What's Up With These Measurements?
You've probably noticed that almost all the recipes here feature two measurements for each ingredient - metric measurements in grams (and very rarely, ounces), and imperial measurements (most often found in the U.S. where most things are measured in cups).
One of my goals in creating this website was to provide a resource for well tested recipes, described in detail. I want readers here to have the best chance of success with my recipes, and I certainly don't want unfamiliar measurements to prevent anyone from trying a recipe - this is why you'll find metric and imperial measurements on all of my baking recipes.
Savory recipes may not feature metric measurements because, simply put, it matters a lot less (at least in most cases). Baking necessitates a high level of precision when it comes to the proportions of ingredients. Adding slightly more chopped tomato than your marinara sauce asks for will likely have little, if any, effect on the outcome. On the other hand, baked goods can easily be ruined if even one ingredient is improperly measured.
If you are an avid baker, or even just a beginner hoping to improve your skills, I highly, highly recommend you pick up a digital kitchen scale. You can find many affordable options online (mine cost $20). Nearly all professional bakeries and pastry kitchens use kitchen scales and work from recipes that are measured in grams; metric measurements ensure the most reliably consistent outcome, as it's nearly impossible to mess up the proportions (so long as you're paying attention). 100 grams of flour is always 100 grams of flour. But when measuring in cups, there's a much higher potential for variations in the actual quantities you're measuring. Ever read a recipe that told you to fluff your flour with a fork, then use a spoon to scoop the flour into your cup, then level it off with a knife? That's the author trying to ensure you're measuring the flour in their recipe the same way they measure it - because if you just jam your cup measurement into the flour bag and shake off the excess until it looks pretty much level, you're probably using a completely different amount of flour than that author originally intended.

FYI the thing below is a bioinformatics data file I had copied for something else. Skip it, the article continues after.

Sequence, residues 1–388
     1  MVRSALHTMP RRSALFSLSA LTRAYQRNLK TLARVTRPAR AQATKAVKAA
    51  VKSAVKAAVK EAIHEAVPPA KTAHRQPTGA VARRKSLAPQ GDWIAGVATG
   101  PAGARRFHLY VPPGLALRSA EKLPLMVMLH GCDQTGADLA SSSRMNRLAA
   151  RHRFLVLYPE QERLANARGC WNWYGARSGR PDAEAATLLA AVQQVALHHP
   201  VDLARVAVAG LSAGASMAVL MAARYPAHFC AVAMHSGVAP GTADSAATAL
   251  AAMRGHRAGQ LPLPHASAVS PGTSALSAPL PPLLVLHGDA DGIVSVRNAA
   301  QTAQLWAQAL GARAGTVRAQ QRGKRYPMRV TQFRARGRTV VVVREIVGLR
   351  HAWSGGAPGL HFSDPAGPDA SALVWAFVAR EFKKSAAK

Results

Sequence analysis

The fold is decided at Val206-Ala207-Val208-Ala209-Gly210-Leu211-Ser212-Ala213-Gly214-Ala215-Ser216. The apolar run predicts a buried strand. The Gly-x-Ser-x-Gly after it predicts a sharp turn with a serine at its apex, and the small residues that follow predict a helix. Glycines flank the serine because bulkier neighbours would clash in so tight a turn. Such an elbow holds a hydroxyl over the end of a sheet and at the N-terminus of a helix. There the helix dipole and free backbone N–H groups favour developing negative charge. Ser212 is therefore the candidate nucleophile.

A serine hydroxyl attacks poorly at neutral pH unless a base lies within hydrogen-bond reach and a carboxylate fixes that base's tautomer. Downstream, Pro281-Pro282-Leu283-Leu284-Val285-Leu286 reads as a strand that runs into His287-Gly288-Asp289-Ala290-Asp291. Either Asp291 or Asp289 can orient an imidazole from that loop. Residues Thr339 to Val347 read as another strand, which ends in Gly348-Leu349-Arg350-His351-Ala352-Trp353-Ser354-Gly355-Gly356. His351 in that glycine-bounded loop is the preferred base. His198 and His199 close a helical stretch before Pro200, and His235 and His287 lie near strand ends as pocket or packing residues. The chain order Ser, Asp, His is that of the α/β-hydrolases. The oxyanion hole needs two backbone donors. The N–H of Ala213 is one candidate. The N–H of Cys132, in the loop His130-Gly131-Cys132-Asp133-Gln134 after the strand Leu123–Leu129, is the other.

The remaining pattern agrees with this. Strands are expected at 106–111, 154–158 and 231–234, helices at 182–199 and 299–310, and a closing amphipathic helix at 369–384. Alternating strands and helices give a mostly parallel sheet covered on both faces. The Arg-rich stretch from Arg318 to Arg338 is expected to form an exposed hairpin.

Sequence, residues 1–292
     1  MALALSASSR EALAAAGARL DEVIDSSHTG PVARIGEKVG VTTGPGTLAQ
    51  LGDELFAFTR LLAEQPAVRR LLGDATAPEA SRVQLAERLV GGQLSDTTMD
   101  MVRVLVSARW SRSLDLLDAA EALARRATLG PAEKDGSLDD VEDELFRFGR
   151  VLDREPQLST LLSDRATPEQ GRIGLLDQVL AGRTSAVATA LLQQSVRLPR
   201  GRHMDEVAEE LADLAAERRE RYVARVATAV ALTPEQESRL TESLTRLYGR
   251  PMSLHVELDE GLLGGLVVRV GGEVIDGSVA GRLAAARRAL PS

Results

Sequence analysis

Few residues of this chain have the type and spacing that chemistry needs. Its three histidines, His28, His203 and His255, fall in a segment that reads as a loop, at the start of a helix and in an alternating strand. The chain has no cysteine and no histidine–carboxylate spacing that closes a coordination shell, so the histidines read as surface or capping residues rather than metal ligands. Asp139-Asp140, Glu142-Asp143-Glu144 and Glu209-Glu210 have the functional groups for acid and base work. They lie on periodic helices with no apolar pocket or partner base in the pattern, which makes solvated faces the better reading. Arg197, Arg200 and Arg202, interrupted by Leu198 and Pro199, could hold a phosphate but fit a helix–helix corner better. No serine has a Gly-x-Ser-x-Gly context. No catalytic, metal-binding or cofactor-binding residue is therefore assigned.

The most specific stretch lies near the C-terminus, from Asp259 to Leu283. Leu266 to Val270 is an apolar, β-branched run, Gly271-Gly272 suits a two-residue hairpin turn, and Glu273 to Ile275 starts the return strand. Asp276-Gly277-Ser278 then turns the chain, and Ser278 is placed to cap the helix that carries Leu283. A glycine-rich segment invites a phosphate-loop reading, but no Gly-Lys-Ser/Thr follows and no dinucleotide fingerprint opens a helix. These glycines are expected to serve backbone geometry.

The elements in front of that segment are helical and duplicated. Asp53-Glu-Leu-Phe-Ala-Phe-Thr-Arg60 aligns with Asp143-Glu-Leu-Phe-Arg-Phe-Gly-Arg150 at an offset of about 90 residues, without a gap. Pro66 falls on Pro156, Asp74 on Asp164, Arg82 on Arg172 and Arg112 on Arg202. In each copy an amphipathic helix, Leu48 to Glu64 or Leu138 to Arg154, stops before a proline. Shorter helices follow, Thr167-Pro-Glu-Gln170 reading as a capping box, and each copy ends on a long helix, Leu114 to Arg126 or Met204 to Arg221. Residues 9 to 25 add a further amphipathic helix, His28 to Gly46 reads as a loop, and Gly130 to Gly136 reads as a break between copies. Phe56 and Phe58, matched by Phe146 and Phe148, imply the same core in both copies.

Nearly every recipe that I share on this blog was originally written in grams, then reverse engineered to get imperial measurements. So if you're looking at a recipe and thinking, "Why does it call for 1/3 cup plus 1/4 cup of sugar? What the hell even is that measurement?" I don't blame you - I know it looks weird. I'm just trying to ensure you get the same results and level of precision as you would with a kitchen scale.
So please, pay attention to the specifics in recipes (and not just the ones here). If the recipe says 1 cup packed brown sugar, make sure to really pack it into your cup. If the recipe says to sift dry ingredients, do it! These things seem trivial, but they have a huge effect on your final product. And that annoying flour measuring technique? Hate to break it to you, but if you're measuring in cups, that actually is the way you're supposed to do it.